There are many forms of alternative dispute resolution, such as mediation, arbitration, and adjudication. One form that business owners may not be aware of is Early Neutral Evaluation (ENE).
In this article, we will discuss ENE and how it can provide a quick, cost-effective way to resolve your small business commercial disputes in any subject matter.
What is early neutral evaluation?
Early Neutral Evaluation (ENE) aims to provide parties to a dispute with an objective and realistic evaluation of their case. The information obtained in an ENE forms the framework for negotiations.
Neutral evaluation is a process wherein a neutral third party, hears the presentations of the disputants, and after the cross-examination then provides his opinion and legal advice regarding the dispute.
An independent and impartial evaluator is appointed to evaluate the facts, circumstances and key issues of the case and then renders an insight about the same.
An ENE is conducted without prejudice, meaning that what is discussed during the process cannot be used as evidence in court without consent.
No decision is reached via ENE, and legal issues are not resolved. Instead, the process provides an opportunity for both parties to have their side of the dispute analysed by a neutral expert, suitably qualified person so they can attempt to reach an agreement outside of court.
When can an early neutral evaluation be used?
Early Neutral Evaluation is typically used in the beginning stages of a dispute. It is highly valuable in situations where several preliminary issues must be decided before a matter can proceed to trial. ENE provides an opportunity to determine the problems outside of court, saving time, resources, and money.
In a commercial dispute, you and the other party can use ENE as a stand-alone dispute resolution method or as part of a package. For example, ENE is followed by arbitration.
Who can be appointed as an evaluator?
It is up to the parties to appoint an evaluator. A barrister or Queen’s Counsel specialising in the law related to the dispute that is selected.
What are the benefits of early neutral evaluation?
The benefits of ENE include:
- Central issues in dispute can be identified and clarified
- The process is quick
- Often it provides all sides with a reality check
- It will identify weaknesses in a party's case and evidential gaps
- Parties will have a chance to comprehend the risks of litigation
- It may facilitate settlement discussions if parties are encouraged to move towards a realistic starting position
- The process may narrow the issues and focus on the critical aspects of the case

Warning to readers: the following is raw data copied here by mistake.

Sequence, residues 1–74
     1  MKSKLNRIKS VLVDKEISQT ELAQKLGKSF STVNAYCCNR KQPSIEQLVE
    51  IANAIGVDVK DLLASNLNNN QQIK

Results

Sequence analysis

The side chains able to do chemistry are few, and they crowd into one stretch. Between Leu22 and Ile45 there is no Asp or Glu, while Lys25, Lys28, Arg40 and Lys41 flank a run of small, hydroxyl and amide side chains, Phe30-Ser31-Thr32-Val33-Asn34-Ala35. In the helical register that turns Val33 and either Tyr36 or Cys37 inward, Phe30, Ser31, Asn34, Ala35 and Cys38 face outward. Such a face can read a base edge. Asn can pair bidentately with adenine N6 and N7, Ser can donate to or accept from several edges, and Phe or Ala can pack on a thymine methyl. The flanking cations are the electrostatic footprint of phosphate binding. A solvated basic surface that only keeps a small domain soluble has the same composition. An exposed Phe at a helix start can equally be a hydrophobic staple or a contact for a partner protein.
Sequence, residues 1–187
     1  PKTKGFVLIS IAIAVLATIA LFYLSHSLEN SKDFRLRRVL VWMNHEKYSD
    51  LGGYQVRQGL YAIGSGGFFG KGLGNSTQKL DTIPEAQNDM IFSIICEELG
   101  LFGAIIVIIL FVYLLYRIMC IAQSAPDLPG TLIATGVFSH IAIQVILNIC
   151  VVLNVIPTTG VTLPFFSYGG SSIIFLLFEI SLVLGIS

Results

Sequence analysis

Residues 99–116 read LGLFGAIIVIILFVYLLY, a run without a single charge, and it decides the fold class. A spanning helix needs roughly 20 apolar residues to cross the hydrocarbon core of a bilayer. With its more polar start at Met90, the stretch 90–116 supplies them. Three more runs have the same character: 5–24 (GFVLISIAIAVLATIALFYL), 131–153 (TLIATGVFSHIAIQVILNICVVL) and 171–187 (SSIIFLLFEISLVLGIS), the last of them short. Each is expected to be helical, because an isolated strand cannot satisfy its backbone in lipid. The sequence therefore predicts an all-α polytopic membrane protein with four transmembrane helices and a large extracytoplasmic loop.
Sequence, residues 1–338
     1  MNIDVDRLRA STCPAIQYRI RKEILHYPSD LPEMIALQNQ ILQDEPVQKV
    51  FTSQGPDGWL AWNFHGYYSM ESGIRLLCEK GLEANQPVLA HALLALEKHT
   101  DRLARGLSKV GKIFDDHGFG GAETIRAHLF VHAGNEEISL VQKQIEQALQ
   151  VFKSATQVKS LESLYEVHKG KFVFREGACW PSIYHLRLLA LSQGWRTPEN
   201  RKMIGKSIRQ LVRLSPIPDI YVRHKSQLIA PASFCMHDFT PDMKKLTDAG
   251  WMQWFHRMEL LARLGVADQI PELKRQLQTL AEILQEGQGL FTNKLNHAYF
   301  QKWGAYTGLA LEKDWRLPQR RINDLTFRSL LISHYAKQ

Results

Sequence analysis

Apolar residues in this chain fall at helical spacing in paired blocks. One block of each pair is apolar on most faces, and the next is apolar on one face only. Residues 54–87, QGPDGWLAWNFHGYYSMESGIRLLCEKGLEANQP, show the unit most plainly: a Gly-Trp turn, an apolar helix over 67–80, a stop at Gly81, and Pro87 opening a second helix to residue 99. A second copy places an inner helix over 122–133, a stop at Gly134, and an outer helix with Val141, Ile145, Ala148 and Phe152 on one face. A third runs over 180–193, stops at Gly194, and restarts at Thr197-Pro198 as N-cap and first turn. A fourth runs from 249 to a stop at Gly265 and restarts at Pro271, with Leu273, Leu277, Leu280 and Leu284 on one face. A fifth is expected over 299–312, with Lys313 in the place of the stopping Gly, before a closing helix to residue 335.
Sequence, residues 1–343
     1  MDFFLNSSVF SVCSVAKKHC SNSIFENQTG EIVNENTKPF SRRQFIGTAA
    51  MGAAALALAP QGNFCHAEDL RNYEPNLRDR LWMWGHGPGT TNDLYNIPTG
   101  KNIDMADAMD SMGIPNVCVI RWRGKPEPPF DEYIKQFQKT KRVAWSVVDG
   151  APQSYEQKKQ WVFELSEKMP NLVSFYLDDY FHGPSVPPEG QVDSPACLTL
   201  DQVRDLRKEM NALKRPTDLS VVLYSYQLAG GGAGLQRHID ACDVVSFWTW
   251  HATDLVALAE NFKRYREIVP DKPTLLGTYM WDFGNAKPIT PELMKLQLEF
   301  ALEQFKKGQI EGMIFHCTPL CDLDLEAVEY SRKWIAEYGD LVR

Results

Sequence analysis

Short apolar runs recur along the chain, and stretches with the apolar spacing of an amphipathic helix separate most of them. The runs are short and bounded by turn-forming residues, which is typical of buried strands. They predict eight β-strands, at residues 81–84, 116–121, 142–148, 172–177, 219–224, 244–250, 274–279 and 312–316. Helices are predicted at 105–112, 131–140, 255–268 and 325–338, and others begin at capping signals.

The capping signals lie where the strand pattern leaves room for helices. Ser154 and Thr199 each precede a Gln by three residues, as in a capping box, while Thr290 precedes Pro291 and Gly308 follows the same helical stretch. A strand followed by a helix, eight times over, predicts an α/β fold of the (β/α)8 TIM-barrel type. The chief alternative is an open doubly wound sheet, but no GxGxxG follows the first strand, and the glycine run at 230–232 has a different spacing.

What are the risks of engaging in early neutral evaluation?
All processes have their pitfalls. The risks of ENE include:
- The required preparation may render the ENE very expensive when the dispute is complicated
- The process does not necessarily lead to a settlement
- It can be difficult for one party to recover from a negative ENE evaluation which can compromise that party's negotiating position
- The party that lost the case may say that the evaluator was not suitable to make the decision or did not spend enough time evaluating. At a trial, the judge will reach a different conclusion with the benefit of all the evidence. This may lead a party to better prepare its case in litigation, making it more difficult for the winning party to capitalise on the successful evaluation
- The TCC and Commercial Court guides state that the judge conducting the ENE cannot take further part in the case if it goes to trial unless the parties agree otherwise. Therefore, ENE may be used to eliminate a particular judge tactically
- The limitation period will continue running while the ENE process is ongoing. In disputes involving complex, multiple, and/or cross-jurisdictional matters, ENEs can go on for a considerable time
How does an early neutral evaluation work?
If you and the other side in a dispute choose to engage in the ENE process, an ENE agreement will be drawn.
This will set out the details of how the ENE will be run. The agreement will confirm matters such as:
- Whether the process will be confidential and privilege
- How the ENE will be conducted
- The role of the evaluator
- Documents which each party are to produce
- The neutrality of the evaluator
- The evaluator’s fees
- Whether the evaluator can consider matters outside of what is presented by the parties
There is no set procedure for ENE – you and the other party are free to decide how the process will run.
Furthermore, you can both choose to be represented by a solicitor in the hearing/s.
The flexibility of the ENE process provides an ideal setting in which parties to a dispute can take the first steps to clarify the specific points of the disagreement. This will facilitate working towards an early, non-contentious settlement.
Get legal assistance from LawBite
You must know your legal options, as well as your company's legal strengths and weaknesses if you are a business owner a facing commercial dispute or conflict. At LawBite, our expert dispute resolution solicitors can talk you through various options, including ENE and help you evaluate what might work best for you when a new dispute arises.
To speak to one of our experts in dispute lawyers about our legal services, book a free 15 minute consultation or call us on 020 3808 8314.